They snipped the backs of their neckties down to a few threads. If someone tried to choke them, the tie would fall apart.
They stopped along the way to purchase jockstraps, the steel ones that football linemen wear. They were young, and still interested in having families.
Were Joe Griffith and his three male cohorts from Cornell University apprehensive when they boarded a train in New Orleans and headed to Jackson, Miss., in May 1961?
Very, admits Griffith, now 77 and a decade-long resident of Durango. Others who’d gone before them had been battered, bruised and bloodied by bigoted mobs.
They feared for their lives. At the least, “We were expecting to get beaten up.”
The 436 men and women, white and black, who put their bodies in harm’s way that spring and summer are known as Freedom Riders. They entered the segregated Deep South to challenge the racist and illegal system that prevailed. The U.S. Supreme Court had established in 1946 that interstate buses and trains could not be segregated. So the Riders sat at the front of buses and in whites-only waiting areas.
Today, the Freedom Riders are heroes. In 2011, the 50th anniversary of the rides, their story was told in a two-hour PBS documentary and on “The Oprah Winfrey Show” – 178 of them, including Griffith, gathered on Oprah’s set in Chicago.
Earlier this month, Griffith was a guest at Fort Lewis College professor Andrew Gulliford’s U.S. history class. The 30 students and this reporter watched part of the documentary and heard Griffith talk about the temper of the times.
The Yankees defeated the Rebels to settle the slavery issue, but prejudice takes longer to die. Southern states passed Jim Crow laws, keeping the races separate in public places. Despite federal laws that integrated schools and buses, Southern whites refused to let go easily of a system that, for them, had worked just fine for centuries.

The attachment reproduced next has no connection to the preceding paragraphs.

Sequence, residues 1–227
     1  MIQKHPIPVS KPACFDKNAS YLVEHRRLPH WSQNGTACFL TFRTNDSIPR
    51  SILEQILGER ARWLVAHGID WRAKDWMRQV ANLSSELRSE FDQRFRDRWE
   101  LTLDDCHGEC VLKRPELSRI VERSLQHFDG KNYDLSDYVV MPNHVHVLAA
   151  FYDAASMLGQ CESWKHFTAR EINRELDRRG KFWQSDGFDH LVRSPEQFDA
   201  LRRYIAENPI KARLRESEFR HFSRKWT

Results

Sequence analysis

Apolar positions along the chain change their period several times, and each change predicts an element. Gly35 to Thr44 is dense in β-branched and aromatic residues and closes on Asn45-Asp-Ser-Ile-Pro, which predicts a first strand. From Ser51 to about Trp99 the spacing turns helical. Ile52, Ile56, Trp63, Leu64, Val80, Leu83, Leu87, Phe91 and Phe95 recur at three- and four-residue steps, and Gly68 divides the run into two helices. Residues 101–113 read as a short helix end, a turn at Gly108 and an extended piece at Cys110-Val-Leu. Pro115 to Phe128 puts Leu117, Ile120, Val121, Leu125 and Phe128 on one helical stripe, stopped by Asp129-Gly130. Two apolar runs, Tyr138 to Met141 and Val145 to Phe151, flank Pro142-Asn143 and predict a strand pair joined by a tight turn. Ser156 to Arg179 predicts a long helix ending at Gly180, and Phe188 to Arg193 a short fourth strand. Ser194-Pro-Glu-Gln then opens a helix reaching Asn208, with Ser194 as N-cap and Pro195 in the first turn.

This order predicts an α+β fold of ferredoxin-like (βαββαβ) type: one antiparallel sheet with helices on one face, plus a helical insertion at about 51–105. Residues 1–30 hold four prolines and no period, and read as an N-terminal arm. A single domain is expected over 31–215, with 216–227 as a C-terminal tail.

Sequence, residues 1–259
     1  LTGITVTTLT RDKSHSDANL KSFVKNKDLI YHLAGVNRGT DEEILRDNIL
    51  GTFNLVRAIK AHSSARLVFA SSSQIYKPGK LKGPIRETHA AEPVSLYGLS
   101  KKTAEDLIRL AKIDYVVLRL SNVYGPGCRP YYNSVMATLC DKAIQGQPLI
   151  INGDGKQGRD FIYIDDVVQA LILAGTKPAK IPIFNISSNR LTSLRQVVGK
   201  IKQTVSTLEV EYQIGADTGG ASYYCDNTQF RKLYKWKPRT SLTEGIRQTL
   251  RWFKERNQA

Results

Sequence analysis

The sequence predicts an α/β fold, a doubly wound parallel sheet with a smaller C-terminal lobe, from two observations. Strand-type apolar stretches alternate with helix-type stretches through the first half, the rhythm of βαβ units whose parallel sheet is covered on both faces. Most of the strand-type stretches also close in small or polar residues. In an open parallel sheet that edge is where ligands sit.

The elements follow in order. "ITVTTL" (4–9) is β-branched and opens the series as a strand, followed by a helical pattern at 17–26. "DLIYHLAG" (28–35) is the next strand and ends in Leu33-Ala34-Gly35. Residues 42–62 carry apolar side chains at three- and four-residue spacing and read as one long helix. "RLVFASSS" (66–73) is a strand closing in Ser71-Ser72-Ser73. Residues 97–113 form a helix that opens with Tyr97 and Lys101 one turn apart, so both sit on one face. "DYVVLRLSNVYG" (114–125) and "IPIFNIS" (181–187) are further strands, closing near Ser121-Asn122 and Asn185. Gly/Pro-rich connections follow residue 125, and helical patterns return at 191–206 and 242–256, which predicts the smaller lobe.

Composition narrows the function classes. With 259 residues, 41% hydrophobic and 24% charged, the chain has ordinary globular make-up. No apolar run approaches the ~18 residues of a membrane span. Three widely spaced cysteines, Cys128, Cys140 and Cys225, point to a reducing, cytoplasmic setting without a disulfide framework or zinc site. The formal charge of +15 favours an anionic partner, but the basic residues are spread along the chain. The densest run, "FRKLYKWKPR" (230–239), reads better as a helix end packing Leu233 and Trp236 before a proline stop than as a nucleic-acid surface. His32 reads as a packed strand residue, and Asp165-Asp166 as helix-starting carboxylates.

The Freedom Riders, trained in work sessions to react nonviolently, were looking to provoke a reaction and attract attention. Whose attention? The sympathetic public’s, for one. But also that of the Kennedy administration, which had won the 1960 election only with the cooperation of Southern governors, and was reluctant to act on the segregation issue.
On May 4, the first 13 Riders left Washington, D.C. On May 14, Mother’s Day, the riders split into two groups in Atlanta, some boarding a Trailways and some a Greyhound, both bound for Birmingham, Ala.
The Greyhound bus was halted by a mob outside Anniston, Ala., the windows broken and a firebomb hurled inside. Passengers, choking on smoke, escaped only after the gas tank ruptured, causing the mob to back off. Many were beaten upon leaving the bus, and several hospitalized.
Meanwhile, the Trailways bus was boarded at the last moment by informed Klansmen, who tormented and physically attacked several of the Freedom Riders. When the Trailways passengers reached Birmingham they were met by “Klansmen and their police allies ... armed and ready to do what had to be done to protect the Southern way of life,” according to the 2006 book Freedom Riders by Raymond Arsenault.